13 Jan 2015

Human development and biodiversity conservation can go hand in hand, study finds

This study shows that we can eradicate hunger, poverty and improve overall human wellbeing while improving the state of nature (Andy Kobel; flickr.com)
By Martin Fowlie

A new scientific study has assessed the impact of future human development scenarios on the conservation of species, using data from the IUCN Red List.

The study, published in the journal Conservation Letters and involving 10 institutions including BirdLife International, developed new approaches for assessing the potential impacts of different policy decisions.

The authors used the Red List Index – an indicator of biodiversity trends first developed by BirdLife using data for birds, and showed how it can be projected into the future, using data on two groups of mammals: carnivores and ungulates.

Alongside results for a similar approach using the Living Planet Index, they found that a global business-as-usual scenario of socio-economic and environmental policy would bring increased deforestation and carbon emissions causing up to 1 in 4 species of carnivore and ungulates to be at higher risk of extinction by 2050. No species are expected to improve their current prognosis under this scenario.

Growing human population and economic development will increase the demand for food, energy and other essential goods, such as clean water, fibers and wood. Under business-as-usual these demands are satisfied by increasing agricultural productivity and expanding agricultural land and freshwater consumption; by expanding fisheries and aquaculture; by increasing the use of fossil fuels and wood products. These trends reduce extreme poverty and improve human health but come at high environmental costs.

“Human development goals and biodiversity conservation do not need to be competing”, said the lead-author of the paper Piero Visconti affiliated with the IUCN Red List Global Mammal Assessment program in Rome, Italy, and Microsoft Research in Cambridge UK. “We found that at an alternative scenario exists that can eradicate hunger, poverty and improve overall human wellbeing while improving biodiversity trends globally”, acontinued Visconti.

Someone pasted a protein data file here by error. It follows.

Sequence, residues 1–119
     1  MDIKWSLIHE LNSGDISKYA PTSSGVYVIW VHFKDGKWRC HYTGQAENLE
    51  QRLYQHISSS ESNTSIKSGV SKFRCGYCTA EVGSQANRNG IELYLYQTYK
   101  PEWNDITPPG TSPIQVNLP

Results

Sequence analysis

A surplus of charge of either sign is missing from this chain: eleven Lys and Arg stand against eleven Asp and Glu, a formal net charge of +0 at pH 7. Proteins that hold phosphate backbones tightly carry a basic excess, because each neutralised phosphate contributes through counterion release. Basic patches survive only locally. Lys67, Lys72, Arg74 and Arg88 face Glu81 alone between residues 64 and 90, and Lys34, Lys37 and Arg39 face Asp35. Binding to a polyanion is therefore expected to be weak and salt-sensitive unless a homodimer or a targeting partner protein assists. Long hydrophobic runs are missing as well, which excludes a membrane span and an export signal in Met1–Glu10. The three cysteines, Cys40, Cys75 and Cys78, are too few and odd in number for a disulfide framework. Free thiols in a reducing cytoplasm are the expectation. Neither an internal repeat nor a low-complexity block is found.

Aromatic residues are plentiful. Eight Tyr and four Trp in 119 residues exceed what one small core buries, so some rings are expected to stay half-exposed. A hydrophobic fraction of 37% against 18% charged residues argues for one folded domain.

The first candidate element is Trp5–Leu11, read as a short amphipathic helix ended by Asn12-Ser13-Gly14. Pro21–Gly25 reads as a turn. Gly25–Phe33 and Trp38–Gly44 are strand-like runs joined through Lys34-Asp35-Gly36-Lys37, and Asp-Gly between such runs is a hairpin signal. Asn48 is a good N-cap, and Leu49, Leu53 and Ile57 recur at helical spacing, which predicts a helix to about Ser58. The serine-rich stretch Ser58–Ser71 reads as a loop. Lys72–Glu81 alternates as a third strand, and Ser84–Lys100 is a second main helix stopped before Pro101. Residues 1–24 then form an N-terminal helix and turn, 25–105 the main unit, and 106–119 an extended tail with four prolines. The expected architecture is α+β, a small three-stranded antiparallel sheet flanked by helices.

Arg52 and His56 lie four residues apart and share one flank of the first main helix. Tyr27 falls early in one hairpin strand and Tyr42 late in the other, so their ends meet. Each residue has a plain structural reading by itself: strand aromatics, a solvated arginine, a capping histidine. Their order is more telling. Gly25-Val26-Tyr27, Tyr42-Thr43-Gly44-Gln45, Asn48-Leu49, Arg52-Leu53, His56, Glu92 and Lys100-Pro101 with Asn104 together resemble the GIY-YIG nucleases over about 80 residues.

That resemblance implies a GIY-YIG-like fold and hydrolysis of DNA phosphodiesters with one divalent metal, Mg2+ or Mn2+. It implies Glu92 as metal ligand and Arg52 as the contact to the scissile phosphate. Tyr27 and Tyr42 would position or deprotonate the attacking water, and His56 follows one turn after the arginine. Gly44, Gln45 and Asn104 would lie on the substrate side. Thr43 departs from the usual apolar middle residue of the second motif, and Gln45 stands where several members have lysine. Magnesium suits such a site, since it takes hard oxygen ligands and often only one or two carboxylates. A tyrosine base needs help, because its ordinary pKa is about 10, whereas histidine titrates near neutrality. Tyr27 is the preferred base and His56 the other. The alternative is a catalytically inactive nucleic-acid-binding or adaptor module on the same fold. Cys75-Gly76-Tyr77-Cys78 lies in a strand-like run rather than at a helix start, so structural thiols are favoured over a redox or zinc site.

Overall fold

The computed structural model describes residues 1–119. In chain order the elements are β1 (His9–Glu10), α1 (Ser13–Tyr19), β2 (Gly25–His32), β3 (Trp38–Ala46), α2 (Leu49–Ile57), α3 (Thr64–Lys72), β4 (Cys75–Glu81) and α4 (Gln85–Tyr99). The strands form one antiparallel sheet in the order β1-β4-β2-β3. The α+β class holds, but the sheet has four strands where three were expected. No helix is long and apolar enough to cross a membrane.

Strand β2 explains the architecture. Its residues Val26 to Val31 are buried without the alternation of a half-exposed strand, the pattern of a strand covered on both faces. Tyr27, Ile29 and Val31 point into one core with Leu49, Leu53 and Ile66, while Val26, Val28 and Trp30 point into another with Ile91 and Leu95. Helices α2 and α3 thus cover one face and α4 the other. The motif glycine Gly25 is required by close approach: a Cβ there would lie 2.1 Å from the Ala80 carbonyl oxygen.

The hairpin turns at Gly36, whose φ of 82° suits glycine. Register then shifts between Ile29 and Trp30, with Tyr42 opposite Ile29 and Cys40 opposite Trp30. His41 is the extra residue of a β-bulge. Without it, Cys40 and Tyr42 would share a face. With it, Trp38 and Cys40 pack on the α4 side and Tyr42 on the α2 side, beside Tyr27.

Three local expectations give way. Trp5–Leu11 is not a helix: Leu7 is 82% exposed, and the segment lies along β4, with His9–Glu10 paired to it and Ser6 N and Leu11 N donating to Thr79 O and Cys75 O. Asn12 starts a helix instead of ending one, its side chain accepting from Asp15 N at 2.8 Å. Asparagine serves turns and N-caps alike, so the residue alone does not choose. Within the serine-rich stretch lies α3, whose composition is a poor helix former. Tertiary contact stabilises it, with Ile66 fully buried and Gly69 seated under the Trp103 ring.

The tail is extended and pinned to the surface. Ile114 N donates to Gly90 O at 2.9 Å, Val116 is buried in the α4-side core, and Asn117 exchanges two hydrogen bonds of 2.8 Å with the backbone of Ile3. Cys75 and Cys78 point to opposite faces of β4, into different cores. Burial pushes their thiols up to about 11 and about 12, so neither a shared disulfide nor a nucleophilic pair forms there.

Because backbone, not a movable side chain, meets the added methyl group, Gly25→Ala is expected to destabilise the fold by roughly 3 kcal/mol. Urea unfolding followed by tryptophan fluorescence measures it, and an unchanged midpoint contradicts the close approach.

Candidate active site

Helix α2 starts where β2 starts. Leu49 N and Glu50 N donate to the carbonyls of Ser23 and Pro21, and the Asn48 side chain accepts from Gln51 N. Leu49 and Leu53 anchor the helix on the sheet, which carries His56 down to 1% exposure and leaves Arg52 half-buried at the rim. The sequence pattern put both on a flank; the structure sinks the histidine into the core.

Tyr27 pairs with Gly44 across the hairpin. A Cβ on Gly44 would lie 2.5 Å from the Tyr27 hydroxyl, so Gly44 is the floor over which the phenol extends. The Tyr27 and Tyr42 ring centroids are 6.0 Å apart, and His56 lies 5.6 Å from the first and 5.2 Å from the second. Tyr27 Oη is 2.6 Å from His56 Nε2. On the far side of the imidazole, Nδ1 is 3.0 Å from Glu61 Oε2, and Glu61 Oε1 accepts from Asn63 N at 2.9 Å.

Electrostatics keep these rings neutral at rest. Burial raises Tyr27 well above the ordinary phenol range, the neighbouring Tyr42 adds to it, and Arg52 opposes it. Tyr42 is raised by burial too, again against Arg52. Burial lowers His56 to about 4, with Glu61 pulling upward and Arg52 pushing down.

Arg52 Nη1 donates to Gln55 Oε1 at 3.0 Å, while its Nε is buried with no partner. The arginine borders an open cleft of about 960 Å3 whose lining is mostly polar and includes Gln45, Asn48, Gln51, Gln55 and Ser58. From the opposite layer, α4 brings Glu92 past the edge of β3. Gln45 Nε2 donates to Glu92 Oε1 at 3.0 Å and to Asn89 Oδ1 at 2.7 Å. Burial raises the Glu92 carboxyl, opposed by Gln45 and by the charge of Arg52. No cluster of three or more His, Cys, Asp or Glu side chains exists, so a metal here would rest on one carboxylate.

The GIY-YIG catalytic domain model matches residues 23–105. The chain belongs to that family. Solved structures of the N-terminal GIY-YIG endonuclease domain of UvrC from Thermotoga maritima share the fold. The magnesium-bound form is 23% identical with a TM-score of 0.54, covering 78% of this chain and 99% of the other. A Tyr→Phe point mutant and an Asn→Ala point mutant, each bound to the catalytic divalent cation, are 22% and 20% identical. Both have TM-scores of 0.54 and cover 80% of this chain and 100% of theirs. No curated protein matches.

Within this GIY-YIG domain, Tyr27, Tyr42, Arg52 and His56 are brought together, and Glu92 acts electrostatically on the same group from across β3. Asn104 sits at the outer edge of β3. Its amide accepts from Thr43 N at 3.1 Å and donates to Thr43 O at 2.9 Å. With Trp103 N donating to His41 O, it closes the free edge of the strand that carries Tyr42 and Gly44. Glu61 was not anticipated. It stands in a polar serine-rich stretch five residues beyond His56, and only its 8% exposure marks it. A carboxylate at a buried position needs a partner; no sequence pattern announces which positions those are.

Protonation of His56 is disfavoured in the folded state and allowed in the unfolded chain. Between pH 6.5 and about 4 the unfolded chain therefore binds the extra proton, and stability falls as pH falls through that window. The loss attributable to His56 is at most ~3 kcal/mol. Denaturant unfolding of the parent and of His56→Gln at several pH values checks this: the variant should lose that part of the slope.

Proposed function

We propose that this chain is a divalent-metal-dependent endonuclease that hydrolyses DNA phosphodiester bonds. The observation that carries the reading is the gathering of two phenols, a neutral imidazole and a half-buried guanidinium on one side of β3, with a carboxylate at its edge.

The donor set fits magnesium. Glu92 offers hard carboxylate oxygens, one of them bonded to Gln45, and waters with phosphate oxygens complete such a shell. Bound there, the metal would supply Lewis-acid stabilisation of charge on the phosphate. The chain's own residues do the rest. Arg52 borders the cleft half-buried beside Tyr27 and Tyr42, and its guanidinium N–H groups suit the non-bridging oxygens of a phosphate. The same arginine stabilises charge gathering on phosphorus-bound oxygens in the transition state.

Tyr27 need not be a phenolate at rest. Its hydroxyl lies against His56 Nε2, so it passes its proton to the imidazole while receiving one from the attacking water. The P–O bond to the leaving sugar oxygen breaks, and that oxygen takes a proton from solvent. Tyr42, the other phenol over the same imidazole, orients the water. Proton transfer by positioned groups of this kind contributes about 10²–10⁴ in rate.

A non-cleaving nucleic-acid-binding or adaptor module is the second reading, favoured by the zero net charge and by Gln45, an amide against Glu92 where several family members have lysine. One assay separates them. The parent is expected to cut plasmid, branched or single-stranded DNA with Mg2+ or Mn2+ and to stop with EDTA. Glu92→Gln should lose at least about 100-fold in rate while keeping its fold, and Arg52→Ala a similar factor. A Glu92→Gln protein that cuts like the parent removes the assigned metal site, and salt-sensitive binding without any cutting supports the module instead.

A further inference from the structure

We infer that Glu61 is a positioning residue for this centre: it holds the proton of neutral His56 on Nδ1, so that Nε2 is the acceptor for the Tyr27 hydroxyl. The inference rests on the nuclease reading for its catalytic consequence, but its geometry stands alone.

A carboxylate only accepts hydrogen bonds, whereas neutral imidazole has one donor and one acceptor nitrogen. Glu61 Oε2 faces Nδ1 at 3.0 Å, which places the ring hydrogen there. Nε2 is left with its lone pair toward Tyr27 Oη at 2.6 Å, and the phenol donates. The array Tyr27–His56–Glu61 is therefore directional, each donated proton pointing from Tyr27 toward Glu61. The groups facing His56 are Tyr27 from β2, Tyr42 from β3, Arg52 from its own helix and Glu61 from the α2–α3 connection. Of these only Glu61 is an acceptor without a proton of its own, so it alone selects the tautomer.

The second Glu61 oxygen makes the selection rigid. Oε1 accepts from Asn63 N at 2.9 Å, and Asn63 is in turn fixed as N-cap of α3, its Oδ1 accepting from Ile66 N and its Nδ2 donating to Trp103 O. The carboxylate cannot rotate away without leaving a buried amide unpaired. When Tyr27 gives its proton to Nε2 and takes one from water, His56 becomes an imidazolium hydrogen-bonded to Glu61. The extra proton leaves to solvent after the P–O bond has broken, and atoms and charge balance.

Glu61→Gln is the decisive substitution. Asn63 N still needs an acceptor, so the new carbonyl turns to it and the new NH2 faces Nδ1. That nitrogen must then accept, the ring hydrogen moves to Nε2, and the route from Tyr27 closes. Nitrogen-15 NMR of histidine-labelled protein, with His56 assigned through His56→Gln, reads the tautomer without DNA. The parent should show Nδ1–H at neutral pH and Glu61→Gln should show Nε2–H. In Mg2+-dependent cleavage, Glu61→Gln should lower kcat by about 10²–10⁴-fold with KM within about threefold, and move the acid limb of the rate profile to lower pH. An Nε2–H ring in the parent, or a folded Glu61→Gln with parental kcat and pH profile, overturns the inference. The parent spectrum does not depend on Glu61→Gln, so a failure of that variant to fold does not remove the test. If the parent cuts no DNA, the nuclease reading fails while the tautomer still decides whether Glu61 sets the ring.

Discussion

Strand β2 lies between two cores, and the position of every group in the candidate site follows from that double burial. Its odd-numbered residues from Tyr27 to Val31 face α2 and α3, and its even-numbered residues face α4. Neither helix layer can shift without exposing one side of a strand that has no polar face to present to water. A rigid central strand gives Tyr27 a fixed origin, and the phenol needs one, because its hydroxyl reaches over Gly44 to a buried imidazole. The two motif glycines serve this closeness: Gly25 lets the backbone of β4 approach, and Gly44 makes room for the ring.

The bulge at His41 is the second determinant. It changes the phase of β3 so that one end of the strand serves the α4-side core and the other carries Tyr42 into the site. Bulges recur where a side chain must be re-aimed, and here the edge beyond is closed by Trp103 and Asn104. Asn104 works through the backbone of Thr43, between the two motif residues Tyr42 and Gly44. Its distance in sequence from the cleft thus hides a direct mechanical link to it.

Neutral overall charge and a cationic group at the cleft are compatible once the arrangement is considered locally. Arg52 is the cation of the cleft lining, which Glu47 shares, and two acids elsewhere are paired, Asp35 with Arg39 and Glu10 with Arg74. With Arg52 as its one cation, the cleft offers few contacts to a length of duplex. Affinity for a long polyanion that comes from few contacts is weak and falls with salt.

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In this “Consumption Change” scenario, the access to food, energy and water to the poor is increased to meet the UN Millennium Development Goals while reducing per-capita consumption in the developed world, reducing post-production waste of crops, and adopting a healthier diet with reduced meat consumption as recommended by the Harvard Medical School of Public Health.

In the Consumption Change scenario, the increased demand of agricultural products is almost entirely satisfied without increase in cropland, and simply by more efficient use of the current productive capacity. The pathway of policy changes in the Consumption Change scenario was designed backwards from a set of desired goals in 2020 and 2050 using complex socio-economic, biophysical and ecological models. This technique, called back-casting, is new to ecology and conservation and was trialed for the first time for a global assessment of the future of an entire group of species.

“This kind of study is key for the work of the Intergovernmental Platform on Biodiversity and Ecosystem Services [IPBES], whose aim is to inform global policy making to address the current biodiversity crisis”, said co-author Rob Alkemade of PBL Netherlands Environmental Assessment Agency and Head of the Technical Support Unit for the IPBES assessment on scenarios and modelling.

“This study provides a new way to assess the potential impacts on biodiversity of different policy scenarios”, said co-author Dr Stuart Butchart, Head of Science at BirdLife International. "It shows how the IUCN Red List is valuable not only for helping to identify priorities for conservation action now, but also for understanding the potential future implications of different policy trajectories.”